Robert Boyle’s book New Experiments Physico-Mechanical, Touching the Spring of Air and its Effects (1660) defined the main ingredient of atmosphere — air — as an object of empirical investigation. Boyle devised laws to stabilise and quantify its qualities of elasticity and weight. A little more than a century later, Joseph Priestley’s Experiments and Observations on Different Kinds of Air (1774) broke down Boyle’s ‘common air’ into 14 component gases, including carbon dioxide (‘fixed air’ in Priestley’s lexicon) and oxygen (‘dephlogisticated air’). In some not quite describable sense, Boyle’s air no longer existed. People began talking about it differently, as a composition of what Priestley called ‘factitious airs’. It became something new, in theory and experience, if not in fact. Now it could support the first hot air balloons, the first lightning rods. The 18th century saw the birth of applied atmospheric science, the centralised, systematic models of weather and climate.
These overmastering abstractions took aim at thick local conceptions of the air: at folk wisdom, religious tradition, superstition and fairy lore. These were archaic conceptions, often mysteriously tethered to diffuse, partly mental and partly bodily states: melancholy (the so-called ‘English malady’) for instance, or fear. Yet vaporous traces of these other ways of knowing clung to the ascendant scientific picture. As Karl Marx was to remark in 1867, ‘after the discovery by science of the component gases of air, the atmosphere itself remained unaltered’. Boyle’s scientific writing is often layered, evocative, a vehicle for its own supersubtle communications. He sponsored investigations into second sight. Both Boyle and Priestley struggled with speech impediments — with air as an obstacle and snare of human expression. Priestley’s fanciful names for the atmospheric gases led him to misrecognise that crucial component of air: oxygen. He called it ‘dephlogisticated air’, or air that has been depleted of fire, and the word seduced him into a fundamentally alchemical explanation that got the chemistry of oxygen exactly backwards. Evidently fog doesn’t only linger at the edges of clear thinking about air. It infuses it.
The idea that a haunted and enveloping obscurity might, in some sense, be intrinsic to thought is not a new one. It is, for instance, embedded in the ancient Greek conception of the perieichein, a word whose closest contemporary cognate is ‘ambience’. In antiquity, the concept covered both the physical atmosphere and the symbolic and conceptual environment that encloses us, protecting us from — but also integrating us with — our surroundings.
In English, the word ‘atmosphere’ (meaning literally ‘sphere of vapours’) first appeared in print in 1638, in the necessarily speculative The Discovery of a World in the Moone by the polymath John Wilkins. Wilkins defined ‘atmo-sphera’ as an ‘orb of gross, vaporous air immediately encompassing the body of the Moone’. He also wrote about writing. His 1641 treatise on cryptography speculates about a range of scribal techniques that include scratching letters on windowpanes and ‘then opposing the Glass against the Full Moon’ so that ‘the Letters would appear through it’. Wilkins’s different genres of moon writing, both ill-defined, converge to suggest that the ‘sphere of vapours’ contains not only our fancies, speculations and ungrounded convictions about the atmosphere but the communicative forms in which those thoughts take shape.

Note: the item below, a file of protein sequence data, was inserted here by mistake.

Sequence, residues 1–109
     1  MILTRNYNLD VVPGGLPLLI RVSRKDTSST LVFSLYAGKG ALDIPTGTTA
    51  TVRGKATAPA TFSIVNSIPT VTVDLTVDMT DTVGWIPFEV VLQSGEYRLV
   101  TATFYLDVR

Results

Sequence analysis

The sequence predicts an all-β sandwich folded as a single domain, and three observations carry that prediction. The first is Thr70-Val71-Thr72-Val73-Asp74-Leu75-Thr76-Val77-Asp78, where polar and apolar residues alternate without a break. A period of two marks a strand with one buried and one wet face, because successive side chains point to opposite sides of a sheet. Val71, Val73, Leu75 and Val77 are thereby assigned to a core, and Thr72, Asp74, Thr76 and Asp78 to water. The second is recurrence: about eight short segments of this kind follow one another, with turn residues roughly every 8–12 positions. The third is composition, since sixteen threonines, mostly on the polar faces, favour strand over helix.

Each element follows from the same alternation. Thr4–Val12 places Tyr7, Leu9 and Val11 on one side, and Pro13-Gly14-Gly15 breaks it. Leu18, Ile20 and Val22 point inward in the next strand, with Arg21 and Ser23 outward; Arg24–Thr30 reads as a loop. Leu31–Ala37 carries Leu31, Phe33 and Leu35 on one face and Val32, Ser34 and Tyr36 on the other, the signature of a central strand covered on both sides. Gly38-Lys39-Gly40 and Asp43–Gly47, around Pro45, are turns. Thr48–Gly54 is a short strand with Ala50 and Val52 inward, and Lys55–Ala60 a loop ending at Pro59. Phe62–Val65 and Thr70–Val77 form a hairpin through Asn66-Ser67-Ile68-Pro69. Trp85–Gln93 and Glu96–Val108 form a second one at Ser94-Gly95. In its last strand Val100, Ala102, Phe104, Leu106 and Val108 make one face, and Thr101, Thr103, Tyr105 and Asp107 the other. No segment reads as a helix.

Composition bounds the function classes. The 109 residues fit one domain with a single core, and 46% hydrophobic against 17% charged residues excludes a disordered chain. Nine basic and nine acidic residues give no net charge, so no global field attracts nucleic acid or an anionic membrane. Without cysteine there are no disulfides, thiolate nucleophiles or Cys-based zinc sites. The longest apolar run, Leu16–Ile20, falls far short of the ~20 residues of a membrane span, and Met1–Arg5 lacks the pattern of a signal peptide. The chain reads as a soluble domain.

In the media revolution that made the Enlightenment possible, the most important such form was print. Movable type is one big reason why the novel rose to popularity. The first novelists worked in the same print medium as the first modern atmospheric scientists. They could at best pretend to claim an objective, external referent for the airs — sometimes climatic, sometimes a matter of social affectation — that their pages visibly registered. Yet pretend they did, and their pretences taught modern readers how to read modern fiction.
‘Reading’ here meant something more than the linear tracking of plots and connections among characters. It also meant finding one’s way into the artificial airspaces that arose from those plots and connections. We might remember the first protagonist of the English novel planting corn and feeding goats and following footprints in the sand. In reality (or what passes for reality), though, Robinson Crusoe spends half his time writing about the weather on his desert island. The tables of words through which Crusoe filters the island air are indistinguishable from the ones that the period’s natural philosophers such as Robert Hooke used to screen information about the weather. The difference is that there was no air on the other side of Daniel Defoe’s verbal medium. ‘There’ was only what the reader put ‘there’, however real it might seem.
By the early 19th century, Gothic novelists such as Ann Radcliffe and Matthew Lewis had perfected atmospheric cryptograms to chill the blood and take the breath away. Such effects are neither real nor purely metaphorical. They bear witness to the ways in which representations can create a world that human bodies really register. In this manner, the atmospheres of Gothic fiction — its sighing hinges and floating music — parody and rebuke enlightened, scientific pretensions to an unmediated comprehension of the air. We don’t know air as air, they imply. We only know it as atmosphere, air’s thick and tremulous representation. And perhaps we will never entirely decipher its mysterious messages.
Fog everywhere, indeed.
18 December 2012